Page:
Our opinions ranged from ‘all daft and no sense, no purpose’, to ‘a highly entertaining condemnation of the state of American Society in the 1920s, foreshadowing the crash of 1929 and the financial shenanigans of our own time.’

Jenny Moir


Dominion” by C. J. Sansom – July 2014

 

At the July meeting we discussed Dominion by C.J.Sansom.  Most members present at the meeting had read and enjoyed this author’s “Shardlake” stories and had approached “Dominion” no doubt in anticipation of a further enjoyable, if different experience.

 

In this it was apparent that their expectations were not entirely met. Almost without exception, members felt the book was too long and would have lost little in the narrative had it been considerably shorter. On balance, it would appear that there were fewer who found the book a good read, than those who were less than enthusiastic. Comments varied from:

“Enjoyed. I lived through that period and thought that Sansom’s imagined state of the nations credible”

“Enjoyed as an alternative history”

“ Enjoyed. Gripping in places”

 

However, even these positive comments were diluted by an acknowledgement that the plot was unconvincing and the characters weakly drawn. And several members agreed that some of the episodes describing events were glaring examples of simply bad writing. There were others whose reaction to the book was neither positive nor negative in any strong sense but were on the lines of

“Easy to read, unconvincing”

“ Prefer Shardlake but length here not a problem. Intend to read again”

 

And then there were those who simply disliked the book, with comments such as:

“Utterly depressing, written in a turgid style and too many sloppy mistakes in certain situations”

“Didn’t finish and don’t want to. Dislike the use of historic figures in fictitious settings”

“Characters unconvincing as was the story. Too much like a Boy’s Own”.

“Disappointed. Found the alternative history difficult to cope with” 

“Showed his weakness as a story teller”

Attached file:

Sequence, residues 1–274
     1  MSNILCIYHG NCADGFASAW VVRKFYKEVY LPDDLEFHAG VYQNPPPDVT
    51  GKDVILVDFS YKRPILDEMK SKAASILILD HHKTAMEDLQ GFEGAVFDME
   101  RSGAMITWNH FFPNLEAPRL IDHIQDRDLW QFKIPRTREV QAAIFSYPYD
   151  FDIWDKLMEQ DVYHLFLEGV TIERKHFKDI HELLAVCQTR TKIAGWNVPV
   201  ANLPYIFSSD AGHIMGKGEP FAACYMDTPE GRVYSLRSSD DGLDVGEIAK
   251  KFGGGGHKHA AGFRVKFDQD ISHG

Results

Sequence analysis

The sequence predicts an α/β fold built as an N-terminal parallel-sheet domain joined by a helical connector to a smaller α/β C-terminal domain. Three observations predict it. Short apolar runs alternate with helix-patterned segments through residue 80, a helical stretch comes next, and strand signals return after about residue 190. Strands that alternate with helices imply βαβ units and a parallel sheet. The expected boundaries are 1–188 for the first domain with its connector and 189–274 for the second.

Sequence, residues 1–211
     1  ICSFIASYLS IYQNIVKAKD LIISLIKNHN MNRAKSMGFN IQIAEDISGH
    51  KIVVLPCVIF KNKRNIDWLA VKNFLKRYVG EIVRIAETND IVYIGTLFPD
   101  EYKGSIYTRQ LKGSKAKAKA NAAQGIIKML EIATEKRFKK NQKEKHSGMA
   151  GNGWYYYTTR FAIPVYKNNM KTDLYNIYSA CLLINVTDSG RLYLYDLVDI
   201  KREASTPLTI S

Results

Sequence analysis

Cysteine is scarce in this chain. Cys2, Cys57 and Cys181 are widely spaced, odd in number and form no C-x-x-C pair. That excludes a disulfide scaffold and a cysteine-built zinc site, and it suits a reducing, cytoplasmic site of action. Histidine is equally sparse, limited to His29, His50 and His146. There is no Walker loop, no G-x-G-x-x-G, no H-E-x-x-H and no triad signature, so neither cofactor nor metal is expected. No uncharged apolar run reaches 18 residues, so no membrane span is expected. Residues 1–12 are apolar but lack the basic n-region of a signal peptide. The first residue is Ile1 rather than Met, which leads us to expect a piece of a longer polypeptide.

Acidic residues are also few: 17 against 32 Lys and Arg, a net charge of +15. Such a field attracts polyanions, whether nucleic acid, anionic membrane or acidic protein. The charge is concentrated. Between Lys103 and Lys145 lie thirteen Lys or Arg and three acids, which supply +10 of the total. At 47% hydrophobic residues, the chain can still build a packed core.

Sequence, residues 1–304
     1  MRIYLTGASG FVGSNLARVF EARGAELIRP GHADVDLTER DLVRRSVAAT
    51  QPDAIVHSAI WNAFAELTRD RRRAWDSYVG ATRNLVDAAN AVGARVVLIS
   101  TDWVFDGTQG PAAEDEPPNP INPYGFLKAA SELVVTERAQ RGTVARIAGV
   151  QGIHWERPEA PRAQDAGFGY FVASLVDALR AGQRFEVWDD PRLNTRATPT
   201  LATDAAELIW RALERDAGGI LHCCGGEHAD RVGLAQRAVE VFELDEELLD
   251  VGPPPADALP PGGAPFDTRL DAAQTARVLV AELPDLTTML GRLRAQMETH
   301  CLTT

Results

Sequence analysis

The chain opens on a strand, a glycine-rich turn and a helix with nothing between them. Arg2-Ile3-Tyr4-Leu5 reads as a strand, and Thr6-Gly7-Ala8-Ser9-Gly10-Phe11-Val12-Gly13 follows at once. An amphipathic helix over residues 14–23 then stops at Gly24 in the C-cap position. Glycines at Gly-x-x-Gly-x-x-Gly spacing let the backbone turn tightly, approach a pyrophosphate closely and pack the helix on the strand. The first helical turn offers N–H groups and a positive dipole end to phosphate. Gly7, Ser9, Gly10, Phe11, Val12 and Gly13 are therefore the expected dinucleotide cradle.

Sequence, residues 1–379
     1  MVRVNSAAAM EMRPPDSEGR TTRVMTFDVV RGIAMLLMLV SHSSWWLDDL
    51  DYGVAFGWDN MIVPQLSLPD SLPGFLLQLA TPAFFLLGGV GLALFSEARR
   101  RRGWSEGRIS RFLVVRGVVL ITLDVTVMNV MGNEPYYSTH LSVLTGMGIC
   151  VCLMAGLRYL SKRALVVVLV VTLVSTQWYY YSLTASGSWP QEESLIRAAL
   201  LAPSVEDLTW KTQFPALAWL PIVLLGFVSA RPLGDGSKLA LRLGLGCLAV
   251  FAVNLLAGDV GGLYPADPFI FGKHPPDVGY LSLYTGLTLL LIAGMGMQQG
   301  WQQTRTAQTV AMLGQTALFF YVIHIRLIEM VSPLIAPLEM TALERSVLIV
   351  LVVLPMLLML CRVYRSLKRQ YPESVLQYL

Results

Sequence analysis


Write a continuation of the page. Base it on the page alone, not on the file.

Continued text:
To summarise, it would appear that for those who had found pleasure in the Shardlake books, Dominion was a disappointment and for those new to Sansom, this was a poor introduction to his work.

Harry Franklin

 


The Shipping News by Annie Proulx - August 2014

 

At our August meeting we discussed the Pulitzer Prize-winning novel The Shipping News by Annie Proulx.  The location is Newfoundland , unforgiving in its climate, geology and current socio-economic position.  The book paints a vivid picture of a society very dependent on one commodity i.e. fish and what happens to that society when, as a result of over-fishing, quotas and foreign trawlers, their livelihood disappears. The end result is unemployment and emigration particularly of the young, leaving an aging population.

 

Annie Proulx often uses words that can’t be found in regular dictionaries, but are used by the Newfoundlanders.  She also uses many images to describe the weather and the setting, painting a very vivid picture of this harsh and unforgiving place.  A place that the vast majority of us would not like to visit, let alone live there.

 

Some parts are hilariously funny, for example the description of an outrageously drunken leaving party, but we didn’t find ourselves laughing at the characters.

 

Although the book wasn’t to everyone’s taste, most of us enjoyed it and we agreed that we would like to read and discuss another book by Annie Proulx.

 

We liked the story of people who face disadvantages but rise above their difficulties to enjoy life and each others’ company. In spite of all the trials and tribulations the story has a happy ending.

Jenny and Andy Moir 


The Ghost by Robert Harris - September 2014

 

At our September meeting we discussed The Ghost by Robert Harris. The fictional narrator of The Ghost, whose name is never revealed, is a professional ghost writer, who is hired at short notice to finish the autobiography of a recently deposed British prime minister named Adam Lang, a thinly disguised version of Tony Blair. 

 

The previous person who had been ghosting his autobiography has just drowned in mysterious circumstances.  The narrator soon suspects foul play and stumbles across evidence of a possible motive, buried in Lang's past. Having located what may be the lethal secret, the ghost writer begins to fear for his own safety.

 

Meanwhile, because of a leaked memorandum, Lang has been accused of war crimes by Rycart a. former foreign secretary sacked by Lang whilst still Prime Minister.  He is now at the UN and threatens to indict Lang at the International Criminal Court. After the narrator contacts Rycart with his suspicions he becomes under increasing danger from the CIA.

 

Whilst we were not unanimous the vast majority of the group really enjoyed the book and found it a well written, very enjoyable and interesting read.

 

The book also led to a lively discussion about the political issues raised in the book and our thoughts about Tony Blair and his legacy.

 

We agreed that we would include another of Robert Harris’s books in our future programme. 

Andy Moir


About Face by Donna Leon - October 2014

 

At our October meeting we discussed About Face by Donna Leon. This is the eighteenth novel in her series of books featuring police commissioner Guido Brunetti.  All of Donna Leon’s Brunetti novels are set in and around Venice . About Face is about industrial pollution of the environment, the corruption within Italian Society at all levels and the takeover of legitimate businesses by the mafia.